Cantorial soloist Sean Samitt’s preliminary exam is waived, and his lawyer declines to comment on the case.

The case against Sean Samitt, who was arrested last month for falsely reporting he was stabbed in an alleged anti-Semitic incident, was moved to Oakland County Circuit Court following his appearance before 48th District Court Judge Diane D’Agostini on Jan. 14.

Both Samitt’s attorney, Steven I. Moss, and Oakland County Prosecutor Micah Wallace agreed to waive the preliminary exam originally scheduled for that day. Moss declined comment on the case.

On Dec. 15, Samitt told police he had been stabbed by a man in the parking lot of Temple Kol Ami in West Bloomfield, where he worked as a cantorial soloist and music teacher. He claimed the attacker expressed anti-Semitic and anti-immigrant epithets before stabbing him with a knife.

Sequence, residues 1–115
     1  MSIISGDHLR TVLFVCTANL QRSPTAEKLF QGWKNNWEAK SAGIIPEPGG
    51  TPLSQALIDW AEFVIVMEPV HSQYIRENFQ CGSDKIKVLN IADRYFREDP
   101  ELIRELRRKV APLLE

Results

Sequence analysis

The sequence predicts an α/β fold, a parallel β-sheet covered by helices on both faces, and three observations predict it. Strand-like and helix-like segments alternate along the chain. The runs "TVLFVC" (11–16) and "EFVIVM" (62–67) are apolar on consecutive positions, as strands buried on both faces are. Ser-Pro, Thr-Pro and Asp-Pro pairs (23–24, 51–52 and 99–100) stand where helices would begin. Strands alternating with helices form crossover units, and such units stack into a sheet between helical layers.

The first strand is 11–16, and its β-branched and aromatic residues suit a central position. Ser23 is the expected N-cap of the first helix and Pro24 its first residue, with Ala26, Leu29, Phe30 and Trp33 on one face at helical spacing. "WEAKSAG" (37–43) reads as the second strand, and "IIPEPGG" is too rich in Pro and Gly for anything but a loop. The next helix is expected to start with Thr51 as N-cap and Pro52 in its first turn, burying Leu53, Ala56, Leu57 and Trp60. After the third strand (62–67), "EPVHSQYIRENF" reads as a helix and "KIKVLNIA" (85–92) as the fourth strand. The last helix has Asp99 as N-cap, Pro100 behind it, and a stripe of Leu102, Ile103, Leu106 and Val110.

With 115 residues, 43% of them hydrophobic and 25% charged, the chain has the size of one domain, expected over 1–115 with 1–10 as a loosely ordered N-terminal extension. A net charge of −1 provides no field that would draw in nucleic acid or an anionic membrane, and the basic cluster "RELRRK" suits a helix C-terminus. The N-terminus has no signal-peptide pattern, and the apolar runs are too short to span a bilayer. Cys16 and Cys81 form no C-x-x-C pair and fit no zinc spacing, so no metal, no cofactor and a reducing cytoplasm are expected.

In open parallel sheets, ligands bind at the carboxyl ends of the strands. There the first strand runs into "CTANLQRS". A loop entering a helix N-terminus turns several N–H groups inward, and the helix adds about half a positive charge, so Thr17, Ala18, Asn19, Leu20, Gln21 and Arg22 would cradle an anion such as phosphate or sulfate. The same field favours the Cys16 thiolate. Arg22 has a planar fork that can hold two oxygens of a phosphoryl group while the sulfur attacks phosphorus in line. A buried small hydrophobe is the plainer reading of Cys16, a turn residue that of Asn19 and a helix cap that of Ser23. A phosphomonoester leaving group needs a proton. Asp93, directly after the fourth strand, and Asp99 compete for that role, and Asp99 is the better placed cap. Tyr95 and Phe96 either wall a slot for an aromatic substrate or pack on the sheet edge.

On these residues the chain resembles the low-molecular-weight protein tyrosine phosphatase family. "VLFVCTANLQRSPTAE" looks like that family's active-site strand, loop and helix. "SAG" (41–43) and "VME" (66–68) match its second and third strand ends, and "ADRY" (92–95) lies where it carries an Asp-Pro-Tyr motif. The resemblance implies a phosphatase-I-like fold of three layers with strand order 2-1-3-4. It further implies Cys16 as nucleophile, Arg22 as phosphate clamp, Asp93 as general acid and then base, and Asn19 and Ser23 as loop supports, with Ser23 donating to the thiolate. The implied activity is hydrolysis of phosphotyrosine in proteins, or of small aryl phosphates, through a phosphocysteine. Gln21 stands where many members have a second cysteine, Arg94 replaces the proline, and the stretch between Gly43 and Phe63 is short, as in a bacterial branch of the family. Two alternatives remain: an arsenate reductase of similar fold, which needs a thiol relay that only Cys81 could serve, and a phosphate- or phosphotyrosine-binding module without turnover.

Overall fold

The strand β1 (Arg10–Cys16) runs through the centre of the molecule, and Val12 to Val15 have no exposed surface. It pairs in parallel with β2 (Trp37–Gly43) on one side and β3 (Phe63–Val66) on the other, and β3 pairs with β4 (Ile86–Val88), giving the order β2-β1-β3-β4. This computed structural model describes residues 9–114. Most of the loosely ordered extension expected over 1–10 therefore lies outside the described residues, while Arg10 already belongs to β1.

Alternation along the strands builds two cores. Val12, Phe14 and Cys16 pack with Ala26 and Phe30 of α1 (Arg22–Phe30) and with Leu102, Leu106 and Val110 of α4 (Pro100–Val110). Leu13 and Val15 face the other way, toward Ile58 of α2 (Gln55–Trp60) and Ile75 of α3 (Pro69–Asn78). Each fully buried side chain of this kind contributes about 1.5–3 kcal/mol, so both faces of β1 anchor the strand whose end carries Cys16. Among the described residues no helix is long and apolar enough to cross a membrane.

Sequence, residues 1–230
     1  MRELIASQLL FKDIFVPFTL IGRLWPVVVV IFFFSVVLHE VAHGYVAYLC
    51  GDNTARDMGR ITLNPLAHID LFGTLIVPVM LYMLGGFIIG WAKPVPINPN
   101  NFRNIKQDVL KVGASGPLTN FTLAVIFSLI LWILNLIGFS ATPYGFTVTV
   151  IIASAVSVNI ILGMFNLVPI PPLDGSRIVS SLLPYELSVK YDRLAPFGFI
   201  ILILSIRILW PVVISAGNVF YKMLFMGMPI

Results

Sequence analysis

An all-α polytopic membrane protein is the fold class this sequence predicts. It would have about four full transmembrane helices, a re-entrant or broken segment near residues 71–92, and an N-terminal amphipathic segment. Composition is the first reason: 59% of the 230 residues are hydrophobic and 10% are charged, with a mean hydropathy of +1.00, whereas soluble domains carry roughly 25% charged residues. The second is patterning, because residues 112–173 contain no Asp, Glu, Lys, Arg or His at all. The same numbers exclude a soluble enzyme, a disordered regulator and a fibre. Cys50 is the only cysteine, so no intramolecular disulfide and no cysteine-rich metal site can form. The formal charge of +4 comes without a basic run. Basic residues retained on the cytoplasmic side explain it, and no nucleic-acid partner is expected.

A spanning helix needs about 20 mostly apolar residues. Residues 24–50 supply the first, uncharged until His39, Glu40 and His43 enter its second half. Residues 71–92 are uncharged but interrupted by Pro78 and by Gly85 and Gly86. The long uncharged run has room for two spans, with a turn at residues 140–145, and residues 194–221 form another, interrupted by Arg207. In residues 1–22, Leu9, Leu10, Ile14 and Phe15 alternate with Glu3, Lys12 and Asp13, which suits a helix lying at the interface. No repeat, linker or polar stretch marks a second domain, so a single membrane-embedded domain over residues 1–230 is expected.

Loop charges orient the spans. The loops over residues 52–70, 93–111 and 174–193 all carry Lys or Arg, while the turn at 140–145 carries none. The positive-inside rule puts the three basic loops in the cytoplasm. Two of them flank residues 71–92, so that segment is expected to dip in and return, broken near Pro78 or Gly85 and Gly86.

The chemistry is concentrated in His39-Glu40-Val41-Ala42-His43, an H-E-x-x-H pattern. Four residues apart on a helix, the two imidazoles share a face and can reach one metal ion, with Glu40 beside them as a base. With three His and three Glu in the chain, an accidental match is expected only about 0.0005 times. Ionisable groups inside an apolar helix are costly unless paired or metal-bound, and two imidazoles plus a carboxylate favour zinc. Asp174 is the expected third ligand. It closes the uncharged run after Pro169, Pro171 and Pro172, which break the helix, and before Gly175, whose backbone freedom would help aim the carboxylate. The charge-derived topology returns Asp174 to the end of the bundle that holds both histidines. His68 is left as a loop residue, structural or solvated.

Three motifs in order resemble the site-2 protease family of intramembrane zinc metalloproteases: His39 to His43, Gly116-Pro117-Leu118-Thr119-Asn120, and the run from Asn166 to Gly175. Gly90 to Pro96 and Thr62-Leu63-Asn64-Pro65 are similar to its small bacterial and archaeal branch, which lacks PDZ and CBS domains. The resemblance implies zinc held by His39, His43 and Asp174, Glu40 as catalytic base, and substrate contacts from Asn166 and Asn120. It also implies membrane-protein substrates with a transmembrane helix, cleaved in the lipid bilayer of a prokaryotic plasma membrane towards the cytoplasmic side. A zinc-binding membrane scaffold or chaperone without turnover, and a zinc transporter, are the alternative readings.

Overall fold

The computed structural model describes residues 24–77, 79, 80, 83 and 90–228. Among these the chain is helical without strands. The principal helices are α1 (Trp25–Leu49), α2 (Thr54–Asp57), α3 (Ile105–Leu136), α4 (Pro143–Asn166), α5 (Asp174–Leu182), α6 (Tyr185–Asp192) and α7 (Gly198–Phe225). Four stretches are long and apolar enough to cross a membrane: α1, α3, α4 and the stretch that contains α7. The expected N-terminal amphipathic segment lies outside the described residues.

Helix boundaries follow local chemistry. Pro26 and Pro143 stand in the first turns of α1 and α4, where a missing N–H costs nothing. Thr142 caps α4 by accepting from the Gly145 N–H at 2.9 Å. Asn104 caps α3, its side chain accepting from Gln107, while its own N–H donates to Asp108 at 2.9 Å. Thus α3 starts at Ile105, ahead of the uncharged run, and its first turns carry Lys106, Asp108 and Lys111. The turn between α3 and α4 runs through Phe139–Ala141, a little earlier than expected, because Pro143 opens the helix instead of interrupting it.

While investigators found no signs that Samitt had been attacked in the parking lot, they did find bloody tissues and a knife with blood on it inside the synagogue. After police discovered further inconsistencies in Samitt’s story, he admitted he had stabbed himself and fabricated the story about the attack in order to get out of his contract with Temple Kol Ami.

On Dec. 20, he pleaded not guilty and was released on bond, which was paid by his mother. If convicted, Samitt could face prison time of up to four years.


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